Tomlinson, C., Brighton, C., Hertberg, H., Callahan, C., Moon, T., Brimijoin, K., Conover, L., Reynolds, T. (2003). Differentiating instruction in response to student readiness, interest, and learning profile in academically diverse classrooms: a review of literature. Journal for the Education of the Gifted, 27(2-3), 119-145. Abstract retrieved from https://eric.ed.gov/?id=EJ787917 and full text available for a fee from https://journals.sagepub.com/doi/pdf/10.1177/016235320302700203
Both the current school reform and standards movements call for enhanced quality of instruction for all learners. Recent emphases on heterogeneity, special education inclusion, and reduction in out-of-class services for gifted learners, combined with escalations in cultural diversity in classrooms, make the challenge of serving academically diverse learners in regular classrooms seem an inevitable part of a teacher’s role. Nonetheless, indications are that most teachers make few proactive modifications based on learner variance. This review of literature examines a need for “differentiated” or academically responsive instruction. It provides support in theory and research for differentiating instruction based on a model of addressing student readiness, interest, and learning profile for a broad range of learners in mixed-ability classroom settings.
Blended and Hybrid Learning
Blended/Hybrid learning In many schools, blended learning is emerging as a hybrid innovation that is a sustaining innovation relative to the traditional classroom. This hybrid form is an attempt to deliver “the best of both worlds”—that is, the advantages of online learning combined with all the benefits of the traditional classroom. Replacing the classroom with a student-centric design. We predict that hybrid schools, which combine existing schools with new classroom models, will be the dominant model of schooling in the United States in the future.
Blended learning – Mr. Vander Ark and other advocates of the new model say that using blended learning to transform education and the traditional classroom means more than just incorporating an online element into instruction, giving kids tablets, or having students supplement class material with courses from Khan Academy (the popular nonprofit interactive education website that allows the teacher to “flip the classroom”: Students learn a concept online at home and apply it in class with a teacher).
Advocates of blended learning say that, when done well, it is as much about the time kids are off-line as the time they’re online – delegating more rote concepts to online instruction so that teachers can better use class time for small-group discussion, one-on-one check-ins, group projects, or targeted tutoring if students are struggling.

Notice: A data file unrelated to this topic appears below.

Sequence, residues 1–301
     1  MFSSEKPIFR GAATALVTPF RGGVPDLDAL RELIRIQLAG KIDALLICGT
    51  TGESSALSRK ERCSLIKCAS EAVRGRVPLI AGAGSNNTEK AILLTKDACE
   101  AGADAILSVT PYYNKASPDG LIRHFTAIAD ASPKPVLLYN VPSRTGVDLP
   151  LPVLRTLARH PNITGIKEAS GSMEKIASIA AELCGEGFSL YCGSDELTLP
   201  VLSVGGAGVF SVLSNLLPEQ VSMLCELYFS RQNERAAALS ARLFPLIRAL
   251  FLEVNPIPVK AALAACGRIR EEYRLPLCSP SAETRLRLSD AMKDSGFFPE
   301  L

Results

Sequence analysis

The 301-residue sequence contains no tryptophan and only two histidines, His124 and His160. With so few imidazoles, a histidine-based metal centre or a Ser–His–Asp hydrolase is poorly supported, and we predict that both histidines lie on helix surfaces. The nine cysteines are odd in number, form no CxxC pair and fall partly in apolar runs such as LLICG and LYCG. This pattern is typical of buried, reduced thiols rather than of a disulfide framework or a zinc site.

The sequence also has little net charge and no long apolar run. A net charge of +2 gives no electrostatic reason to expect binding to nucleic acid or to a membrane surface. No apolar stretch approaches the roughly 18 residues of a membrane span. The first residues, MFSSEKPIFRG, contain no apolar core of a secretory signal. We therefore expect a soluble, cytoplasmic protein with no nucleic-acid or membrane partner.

Iamarino, D. L. (2014). The benefits of standards based grading: A critical evaluation of modern grading practices. Current Issues in Education, 17(2), 1–11.
This paper explores the methodology and application of an assessment philosophy known as standards based grading, via a critical comparison of standards based grading to other assessment philosophies commonly employed at the elementary, secondary, and post secondary levels of education. Evidenced by examples of increased student engagement and more thorough comprehension of course materials, standards based grading is illustrated as an effective replacement for conventional points based grading. The analysis also identifies and responds to common issues and concerns inherent in the application of standards based grading, and includes a review of relevant literature and research in support of standards based grading as a progressive and successful alternative to more conventional assessment philosophies.
Hardegree, A. C. (2012). Standards-based assessment and high stakes testing: Accuracy of standards based grading (Doctoral Dissertation). Lynchburg, VA: Liberty University.
This quantitative study examines whether standards-based grade reporting accurately informs student academic achievement on standardized criterion-referenced tests for all students.
UMTSS Framework for Mathematics
Utah’s Multi-Tiered System of Supports for Mathematics
Research articles that support our math program and how we approach math
Utah’s Essential Standards Mathematics–this is the Covid-19 special edition designed for schools having to move to a blended model. Canyon Grove is already following many of the recommendations.
Differentiation in language arts
Walet, J. (2011). Differentiating for struggling readers and writers: improving motivation and metacognition through multisensory methods & explicit strategy instruction. Journal of the American Academy of Special Education Professionals, Spring/Summer, 83-91. Abstract retrieved from https://eric.ed.gov/?id=EJ1137150 Full text available from https://files.eric.ed.gov/fulltext/EJ1137150.pdf
This paper examines the issue of struggling readers and writers, and offers suggestions to help teachers increase struggling students’ motivation and metacognition. Suggestions include multisensory methods that make use of the visual, auditory and kinesthetic learning pathways, as well as explicit strategy instruction to improve students’ ability to self-regulate and apply learning strategies.